German Loan Words
This is a list of German expressions used in English; some are relatively common (e.g. hamburger), but most are comparatively rare. In many cases the loanword has assumed a meaning substantially different from its German forebear.
English and German both are West Germanic languages, though their relationship has been obscured by the lexical influence of Old Norse and Norman French (as a consequence of the Norman conquest of England in 1066) on English as well as the High German consonant shift. In recent years, however, many English words have been borrowed directly from German. Typically, English spellings of German loanwords suppress any umlauts (the superscript, double-dot diacritic in Ä, Ö, Ü, ä, ö and ü) of the original word or replace the umlaut letters with Ae, Oe, Ue, ae, oe, ue, respectively (as is done commonly in German speaking countries when the umlaut is not available; the origin of the umlaut was a superscript E).
German words have been incorporated into English usage for many reasons:
- German cultural artefacts, especially foods, have spread to English-speaking nations and often are identified either by their original German names or by German-sounding English names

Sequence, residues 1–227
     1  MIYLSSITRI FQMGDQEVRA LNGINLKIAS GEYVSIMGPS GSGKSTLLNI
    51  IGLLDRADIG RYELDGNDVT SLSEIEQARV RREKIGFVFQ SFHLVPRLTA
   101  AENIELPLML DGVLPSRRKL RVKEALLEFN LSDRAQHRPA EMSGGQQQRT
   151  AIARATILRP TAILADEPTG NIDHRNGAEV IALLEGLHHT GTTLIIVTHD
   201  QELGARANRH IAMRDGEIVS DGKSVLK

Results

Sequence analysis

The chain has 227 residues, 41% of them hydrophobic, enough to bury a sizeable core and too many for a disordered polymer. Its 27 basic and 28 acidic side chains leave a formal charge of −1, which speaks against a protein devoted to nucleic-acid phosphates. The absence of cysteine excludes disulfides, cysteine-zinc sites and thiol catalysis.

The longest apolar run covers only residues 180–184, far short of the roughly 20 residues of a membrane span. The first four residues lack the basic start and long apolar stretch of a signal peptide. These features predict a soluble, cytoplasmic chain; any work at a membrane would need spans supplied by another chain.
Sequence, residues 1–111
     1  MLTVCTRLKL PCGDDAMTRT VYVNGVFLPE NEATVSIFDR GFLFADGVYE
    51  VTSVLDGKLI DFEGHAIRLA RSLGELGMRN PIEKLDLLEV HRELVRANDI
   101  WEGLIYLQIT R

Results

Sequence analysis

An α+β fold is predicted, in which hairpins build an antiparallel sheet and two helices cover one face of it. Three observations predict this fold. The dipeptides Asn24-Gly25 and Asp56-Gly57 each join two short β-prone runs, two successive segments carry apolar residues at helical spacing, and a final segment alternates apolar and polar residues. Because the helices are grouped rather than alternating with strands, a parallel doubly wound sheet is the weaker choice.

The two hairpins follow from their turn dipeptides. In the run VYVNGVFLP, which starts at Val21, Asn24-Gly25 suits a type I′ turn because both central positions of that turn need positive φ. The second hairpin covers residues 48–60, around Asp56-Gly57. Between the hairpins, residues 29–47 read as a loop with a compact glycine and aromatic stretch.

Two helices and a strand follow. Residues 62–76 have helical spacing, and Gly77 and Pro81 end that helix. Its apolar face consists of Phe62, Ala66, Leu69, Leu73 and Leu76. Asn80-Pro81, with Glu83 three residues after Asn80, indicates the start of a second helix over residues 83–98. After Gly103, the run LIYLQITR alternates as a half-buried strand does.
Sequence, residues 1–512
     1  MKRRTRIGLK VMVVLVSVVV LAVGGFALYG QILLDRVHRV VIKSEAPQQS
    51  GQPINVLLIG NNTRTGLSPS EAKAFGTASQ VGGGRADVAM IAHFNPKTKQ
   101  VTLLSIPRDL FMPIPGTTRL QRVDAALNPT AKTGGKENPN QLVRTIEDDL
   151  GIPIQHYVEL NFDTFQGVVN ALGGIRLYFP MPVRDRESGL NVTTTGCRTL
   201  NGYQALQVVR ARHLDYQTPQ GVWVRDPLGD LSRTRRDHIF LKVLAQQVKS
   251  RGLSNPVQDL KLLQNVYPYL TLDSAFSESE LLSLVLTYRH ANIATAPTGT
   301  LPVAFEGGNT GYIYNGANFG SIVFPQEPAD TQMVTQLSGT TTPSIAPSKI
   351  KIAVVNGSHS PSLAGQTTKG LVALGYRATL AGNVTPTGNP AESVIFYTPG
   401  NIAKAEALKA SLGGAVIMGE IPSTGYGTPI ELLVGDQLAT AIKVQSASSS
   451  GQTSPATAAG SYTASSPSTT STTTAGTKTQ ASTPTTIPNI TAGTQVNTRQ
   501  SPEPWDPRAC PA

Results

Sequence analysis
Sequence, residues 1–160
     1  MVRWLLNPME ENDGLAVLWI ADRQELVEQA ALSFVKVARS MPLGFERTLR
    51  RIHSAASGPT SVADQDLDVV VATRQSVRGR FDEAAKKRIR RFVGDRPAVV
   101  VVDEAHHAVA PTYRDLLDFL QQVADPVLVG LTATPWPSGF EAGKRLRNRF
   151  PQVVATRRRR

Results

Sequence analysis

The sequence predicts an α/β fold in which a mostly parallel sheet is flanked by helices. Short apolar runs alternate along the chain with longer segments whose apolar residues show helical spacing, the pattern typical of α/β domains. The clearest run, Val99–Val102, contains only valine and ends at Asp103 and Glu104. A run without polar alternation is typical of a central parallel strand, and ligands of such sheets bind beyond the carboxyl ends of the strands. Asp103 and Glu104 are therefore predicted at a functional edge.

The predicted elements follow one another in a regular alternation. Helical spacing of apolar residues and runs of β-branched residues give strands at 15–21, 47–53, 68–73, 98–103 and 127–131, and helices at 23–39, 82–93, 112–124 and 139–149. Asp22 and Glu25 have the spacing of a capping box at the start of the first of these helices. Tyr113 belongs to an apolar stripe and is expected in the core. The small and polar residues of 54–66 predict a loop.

- Developments and discoveries in German-speaking nations in science, scholarship, and classical music have led to German words for new concepts, which have been adopted into English: for example the words doppelgänger and angst in psychology.
- Discussion of German history and culture requires some German words.
- Some German words are used in English narrative to identify that the subject expressed is in German, e.g. Frau, Reich.
As languages, English and German descend from the common ancestor language West Germanic and further back to Proto-Germanic; because of this, some English words are essentially identical to their German lexical counterparts, either in spelling (Hand, Sand, Finger) or pronunciation (fish = Fisch, mouse = Maus), or both (Arm, Ring); these are excluded from this list.
German common nouns adopted into English are in general not initially capitalised, and the ß is generally changed to ss.
Read more about German Loan Words: German Terms Commonly Used in English, German Terms Common in English Academic Context, German Terms Mostly Used For Literary Effect, German Terms Rarely Used in English, Quotations
Famous quotes containing the words german, loan and/or words:
“Seventeen hundred and fifty-five.
Georgius Secundus was then alive,
Snuffy old drone from the German hive.”
—Oliver Wendell Holmes, Sr. (18091894)
“... the ... thing I am proudest of in my whole business life is that I do not take, that I never took in all my life, and never, never! will take, one single penny more than 6% on any loan or any contract.”
—Hetty Green (18341916)
“Old-fashioned determinism was what we may call hard determinism. It did not shrink from such words as fatality, bondage of the will, necessitation, and the like. Nowadays, we have a soft determinism which abhors harsh words, and, repudiating fatality, necessity, and even predetermination, says that its real name is freedom; for freedom is only necessity understood, and bondage to the highest is identical with true freedom.”
—William James (18421910)